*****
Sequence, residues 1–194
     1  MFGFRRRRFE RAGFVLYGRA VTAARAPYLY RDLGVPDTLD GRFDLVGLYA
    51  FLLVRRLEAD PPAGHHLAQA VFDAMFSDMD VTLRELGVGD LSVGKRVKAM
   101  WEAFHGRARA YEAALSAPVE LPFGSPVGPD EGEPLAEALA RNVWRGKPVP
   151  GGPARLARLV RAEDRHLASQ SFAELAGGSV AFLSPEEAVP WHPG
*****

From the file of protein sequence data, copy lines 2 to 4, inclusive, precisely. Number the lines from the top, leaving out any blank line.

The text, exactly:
     1  MFGFRRRRFE RAGFVLYGRA VTAARAPYLY RDLGVPDTLD GRFDLVGLYA
    51  FLLVRRLEAD PPAGHHLAQA VFDAMFSDMD VTLRELGVGD LSVGKRVKAM
   101  WEAFHGRARA YEAALSAPVE LPFGSPVGPD EGEPLAEALA RNVWRGKPVP